Rationality takes truth into consideration.  If it is TRUE that I am an end unto myself, then the estimation that sheer power may prevent the back-lash of the poor oppressed, can only be shown to be irrational if I CANNOT hold them at bay to my satisfaction during the years of my life.  Rationality is dependent upon variables for it's answers.  If there is no interest other than self at work, then there can be nothing absolute to base actions upon.  It's a marble-count in the end.    Your seeming suggestion that being nice always obviously benefits self, and that being a dirty rat always obviously harms self, is a highly debateable one in the realm of reason.  The fact that many intelligent men have taken both extremes, tells me this whole question is not an intellectual one, but a moral one.  I think that if there are more selves than just you, who also have feelings and interests, then it is irrational that self interest should be the sole principle of action.  If self interest, however, is allowed to be the sole motive for all of life, then it is irrational to call someone else's choices unenlightened .... since they are an end unto themselves, and are the arbiters of what their "interests" are.  How can you say someone didn't act in their best self interest, if they themselves determine their interests?  In fact if self interest is YOUR only motive, you really have no say in their self interest do you?  How can you, except when it is relative to your own?  This makes it quite impossible to judge anyone's actions as irrational.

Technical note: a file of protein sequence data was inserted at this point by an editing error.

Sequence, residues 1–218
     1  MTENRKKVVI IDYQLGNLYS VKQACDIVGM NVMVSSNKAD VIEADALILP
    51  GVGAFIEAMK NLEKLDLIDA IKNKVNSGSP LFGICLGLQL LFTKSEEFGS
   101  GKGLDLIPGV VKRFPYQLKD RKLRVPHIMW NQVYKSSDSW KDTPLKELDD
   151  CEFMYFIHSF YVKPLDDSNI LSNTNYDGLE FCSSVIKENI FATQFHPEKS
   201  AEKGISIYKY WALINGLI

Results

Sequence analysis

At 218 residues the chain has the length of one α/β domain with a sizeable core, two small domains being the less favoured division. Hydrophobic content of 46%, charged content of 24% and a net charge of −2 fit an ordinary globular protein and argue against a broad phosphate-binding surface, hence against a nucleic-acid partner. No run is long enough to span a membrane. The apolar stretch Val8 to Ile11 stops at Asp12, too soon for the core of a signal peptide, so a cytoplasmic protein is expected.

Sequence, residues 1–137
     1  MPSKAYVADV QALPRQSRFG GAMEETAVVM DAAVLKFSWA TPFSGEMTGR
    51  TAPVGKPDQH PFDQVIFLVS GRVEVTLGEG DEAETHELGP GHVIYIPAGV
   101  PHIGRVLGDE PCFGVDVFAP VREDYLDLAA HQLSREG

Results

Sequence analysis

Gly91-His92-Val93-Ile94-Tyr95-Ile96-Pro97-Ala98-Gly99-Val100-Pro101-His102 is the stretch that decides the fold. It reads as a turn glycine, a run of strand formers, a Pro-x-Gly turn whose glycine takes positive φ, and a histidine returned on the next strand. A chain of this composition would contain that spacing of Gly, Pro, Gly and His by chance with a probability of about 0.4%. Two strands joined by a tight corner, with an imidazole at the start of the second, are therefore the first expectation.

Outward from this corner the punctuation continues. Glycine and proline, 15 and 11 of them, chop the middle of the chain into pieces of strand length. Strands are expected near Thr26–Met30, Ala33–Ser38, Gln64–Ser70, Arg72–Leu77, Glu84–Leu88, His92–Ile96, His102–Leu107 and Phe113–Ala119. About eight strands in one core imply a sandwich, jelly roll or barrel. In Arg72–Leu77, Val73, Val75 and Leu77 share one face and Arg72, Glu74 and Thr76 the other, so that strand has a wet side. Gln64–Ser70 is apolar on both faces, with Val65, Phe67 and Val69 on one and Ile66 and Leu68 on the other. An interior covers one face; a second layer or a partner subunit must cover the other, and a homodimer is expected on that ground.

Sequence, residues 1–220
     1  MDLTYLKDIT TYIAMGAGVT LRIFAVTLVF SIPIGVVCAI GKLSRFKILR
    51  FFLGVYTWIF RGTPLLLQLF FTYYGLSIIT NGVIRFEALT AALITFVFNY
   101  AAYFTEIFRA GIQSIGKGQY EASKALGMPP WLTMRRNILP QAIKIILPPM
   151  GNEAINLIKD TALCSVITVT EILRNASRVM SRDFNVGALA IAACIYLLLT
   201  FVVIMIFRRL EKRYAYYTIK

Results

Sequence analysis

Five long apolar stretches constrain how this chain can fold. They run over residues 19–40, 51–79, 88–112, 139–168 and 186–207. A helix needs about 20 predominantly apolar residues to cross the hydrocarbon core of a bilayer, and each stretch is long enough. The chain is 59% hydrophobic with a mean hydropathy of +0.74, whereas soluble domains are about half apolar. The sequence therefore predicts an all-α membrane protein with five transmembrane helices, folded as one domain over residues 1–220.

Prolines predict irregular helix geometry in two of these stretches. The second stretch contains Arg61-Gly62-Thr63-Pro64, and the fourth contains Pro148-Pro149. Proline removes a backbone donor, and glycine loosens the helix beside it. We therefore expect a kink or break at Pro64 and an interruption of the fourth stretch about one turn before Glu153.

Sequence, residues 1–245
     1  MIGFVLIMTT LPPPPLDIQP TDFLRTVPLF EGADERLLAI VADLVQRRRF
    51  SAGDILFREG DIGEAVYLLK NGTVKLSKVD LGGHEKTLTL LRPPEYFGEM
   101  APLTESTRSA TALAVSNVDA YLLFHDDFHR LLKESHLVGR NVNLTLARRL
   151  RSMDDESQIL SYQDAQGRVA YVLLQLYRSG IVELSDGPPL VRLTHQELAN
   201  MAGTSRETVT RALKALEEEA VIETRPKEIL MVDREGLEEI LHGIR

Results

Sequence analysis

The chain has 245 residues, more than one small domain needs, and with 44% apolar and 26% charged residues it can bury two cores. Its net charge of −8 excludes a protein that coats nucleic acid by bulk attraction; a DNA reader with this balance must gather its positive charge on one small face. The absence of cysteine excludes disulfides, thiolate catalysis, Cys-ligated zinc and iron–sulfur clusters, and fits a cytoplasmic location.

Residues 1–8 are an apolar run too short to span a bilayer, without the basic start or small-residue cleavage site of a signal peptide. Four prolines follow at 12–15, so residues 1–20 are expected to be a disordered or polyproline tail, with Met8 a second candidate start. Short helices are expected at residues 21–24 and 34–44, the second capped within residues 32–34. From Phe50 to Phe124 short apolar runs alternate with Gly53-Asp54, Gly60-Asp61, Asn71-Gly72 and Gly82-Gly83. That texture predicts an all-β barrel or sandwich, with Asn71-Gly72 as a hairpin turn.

"Self-interest defined in five-minute increments isn't rational self-interest."

No, but selfishness has yielded dainties much more lasting than 5 minues.  Consider the Roman Emperors who made people worship them as gods.  Your statement is itself only rational if selfish ideologies are always obviously and quickly counter productive to self interest.  Your mention of five-minute gratification is only a minimilization which is not a true picture of reality.  Many have been able to procure personal prosperity at least during THEIR lifetimes.


"Love is cheapened not by self-interest, but by which self-interest is dominant."

If the master "self interest" is fundamentally the same except for a miscalculation of returns involved, then I don't see how love is not degenerated.  Mind you, I do believe self interest is always involved with love ... but cannot be the sole principle.  Marriages, for example, that gravitate toward self interest alone, usually end up in divorce and separation.